Thursday, November 17, 2016
The Wife of Bath (Notes:42)
Appearing first in the general prologue, the Wife of Bath is another great character in English literature. Possessing an extensive introduction before she begins her tale, her actual tale, once it has begun, is short and filled with social shock. So, the question remains: is she an actual woman, is her deafness—described in her general introduction—that of a spiritual or social nature (instead of a purely physical one), and is she a representation of a woman who lived or a sort of drag-act performed by a man in an attempt to locate the ideal womanhood?
Scenes of cloth weaving in medieval literature are always allegorical for the weaving of other (tales, words, etc.). This is especially acute for the Wife of bath who is said to be a creature of cloth and wears ten pounds of cloth on her as she is described. Accordingly, she is a great weaver and said to outdo even the world’s greatest weavers of the medieval world.
But more than cloth weaving, the tale is about reading and misreading; the Wife offers up a bounty of literary references during her prologue and to a degree, it slows her down, unable to start the actual story. One such reference is in regards to the ‘Book of Wicked Wives” perhaps suggesting that the tale is a misogynistic account of women in general; specifically, where power is given rather than forcefully taken by the woman. But when telling the tale, and how she became deaf, the story is presented in several different manners, thus presenting the wife of bath as an unreliable narrator.
What the Wife of bath does not tell us is just as important as what she does tell us. For example, she spends a large amount of time talking, over 800 lines, and so suggests that she can only give pleasure to herself and others; her tale of sexual exploits, with that of five husbands, reinforces this but also suggests that since she does not tell of any children, that she never had any and so hints at other facets of her life without out rightly telling the audience of her barren status.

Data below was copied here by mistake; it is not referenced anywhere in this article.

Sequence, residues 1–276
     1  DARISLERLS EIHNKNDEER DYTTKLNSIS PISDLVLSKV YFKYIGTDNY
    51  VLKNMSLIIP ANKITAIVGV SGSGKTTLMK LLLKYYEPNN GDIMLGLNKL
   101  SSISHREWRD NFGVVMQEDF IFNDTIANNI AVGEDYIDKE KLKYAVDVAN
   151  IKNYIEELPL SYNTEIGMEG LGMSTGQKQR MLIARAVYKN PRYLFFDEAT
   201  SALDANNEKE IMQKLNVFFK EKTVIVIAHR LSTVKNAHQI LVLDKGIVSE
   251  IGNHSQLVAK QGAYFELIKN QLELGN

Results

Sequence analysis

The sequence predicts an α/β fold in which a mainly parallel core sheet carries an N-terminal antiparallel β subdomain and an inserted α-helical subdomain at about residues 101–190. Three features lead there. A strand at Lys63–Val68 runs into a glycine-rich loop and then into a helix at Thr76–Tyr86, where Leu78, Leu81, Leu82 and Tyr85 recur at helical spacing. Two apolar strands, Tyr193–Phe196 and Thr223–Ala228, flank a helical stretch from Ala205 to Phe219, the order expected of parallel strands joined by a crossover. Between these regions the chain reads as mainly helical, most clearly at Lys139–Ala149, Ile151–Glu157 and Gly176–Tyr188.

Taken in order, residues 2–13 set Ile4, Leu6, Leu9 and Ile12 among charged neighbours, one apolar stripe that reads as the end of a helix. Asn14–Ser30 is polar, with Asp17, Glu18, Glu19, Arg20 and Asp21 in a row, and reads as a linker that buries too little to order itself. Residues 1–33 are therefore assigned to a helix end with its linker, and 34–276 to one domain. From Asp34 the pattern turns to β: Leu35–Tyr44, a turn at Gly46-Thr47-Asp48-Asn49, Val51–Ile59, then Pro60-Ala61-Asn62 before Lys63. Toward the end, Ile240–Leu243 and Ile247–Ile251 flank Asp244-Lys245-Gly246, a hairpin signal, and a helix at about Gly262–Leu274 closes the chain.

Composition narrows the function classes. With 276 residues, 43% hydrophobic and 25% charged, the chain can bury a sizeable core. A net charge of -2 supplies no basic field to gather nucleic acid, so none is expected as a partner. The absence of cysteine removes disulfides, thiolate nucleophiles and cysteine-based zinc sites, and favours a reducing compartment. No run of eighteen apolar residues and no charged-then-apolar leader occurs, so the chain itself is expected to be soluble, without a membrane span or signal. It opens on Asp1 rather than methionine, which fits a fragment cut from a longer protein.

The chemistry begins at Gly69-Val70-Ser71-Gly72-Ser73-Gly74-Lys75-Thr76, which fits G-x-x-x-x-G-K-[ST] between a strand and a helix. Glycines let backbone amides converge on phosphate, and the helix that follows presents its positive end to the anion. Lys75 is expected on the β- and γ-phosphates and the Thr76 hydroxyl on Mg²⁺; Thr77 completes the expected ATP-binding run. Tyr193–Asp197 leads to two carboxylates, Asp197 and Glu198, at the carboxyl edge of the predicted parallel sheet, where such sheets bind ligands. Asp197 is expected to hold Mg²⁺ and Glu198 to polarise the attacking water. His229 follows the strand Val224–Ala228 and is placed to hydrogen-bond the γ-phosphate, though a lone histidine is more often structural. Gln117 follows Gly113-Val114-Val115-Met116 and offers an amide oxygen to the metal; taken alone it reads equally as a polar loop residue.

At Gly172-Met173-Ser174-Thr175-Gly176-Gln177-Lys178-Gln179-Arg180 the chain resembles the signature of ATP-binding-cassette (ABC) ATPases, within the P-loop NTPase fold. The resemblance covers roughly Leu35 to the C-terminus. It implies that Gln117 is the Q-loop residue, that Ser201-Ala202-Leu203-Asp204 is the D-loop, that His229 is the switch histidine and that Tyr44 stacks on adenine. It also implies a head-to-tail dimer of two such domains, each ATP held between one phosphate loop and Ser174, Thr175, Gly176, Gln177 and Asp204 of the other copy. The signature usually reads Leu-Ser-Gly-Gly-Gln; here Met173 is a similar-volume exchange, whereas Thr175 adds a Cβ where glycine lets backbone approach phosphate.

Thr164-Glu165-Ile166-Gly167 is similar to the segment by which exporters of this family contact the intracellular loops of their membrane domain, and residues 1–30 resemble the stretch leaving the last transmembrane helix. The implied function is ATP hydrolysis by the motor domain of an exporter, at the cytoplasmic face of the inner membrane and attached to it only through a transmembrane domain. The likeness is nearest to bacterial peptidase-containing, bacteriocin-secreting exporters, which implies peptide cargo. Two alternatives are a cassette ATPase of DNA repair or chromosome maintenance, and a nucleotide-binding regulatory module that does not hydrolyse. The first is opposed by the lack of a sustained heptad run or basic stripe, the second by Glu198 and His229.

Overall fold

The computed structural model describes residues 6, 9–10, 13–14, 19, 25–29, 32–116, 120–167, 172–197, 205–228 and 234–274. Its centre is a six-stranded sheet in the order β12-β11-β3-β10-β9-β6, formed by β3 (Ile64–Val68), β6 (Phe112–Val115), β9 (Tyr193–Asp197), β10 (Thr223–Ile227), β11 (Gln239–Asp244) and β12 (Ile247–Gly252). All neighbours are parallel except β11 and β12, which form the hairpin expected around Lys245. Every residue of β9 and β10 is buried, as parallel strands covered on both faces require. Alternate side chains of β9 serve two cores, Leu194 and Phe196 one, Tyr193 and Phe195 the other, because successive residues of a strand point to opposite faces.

The tale itself focuses on this theme of marriage and concerns a young knight who rapes a woman. He is brought before the queen of the land and is given a question: what do women want? (Freud got nothing on Chaucer! Five hundred years too late, buddy!) The knight is given little over a year to find the answer; if he answers correctly, then he may keep his life. Eventually, he happens upon an ugly old woman (the Loathly Lady), a stereotype in medieval literature, and she says that she will tell him the answer if he marries her; the knight agrees. After he marries her, she asks whether he wants her young and beautiful, but bound to the probability of infidelity, or old and withered, but loyal; to this the knight replies, ‘whatever is best for you’ and thus attains his answer to his riddle—that power in marriage is given to the woman, not taken by the woman; thus, the story represents an idealized ending to how the Wife of Bath desires her own love life. This question of beauty and ugly and morality—how one is represented by physical presence—is one of the central tenants of medieval texts and also, I feel, could give Schrodinger a run for his money in the indeterminate ability to know one’s fellow many at any given time.
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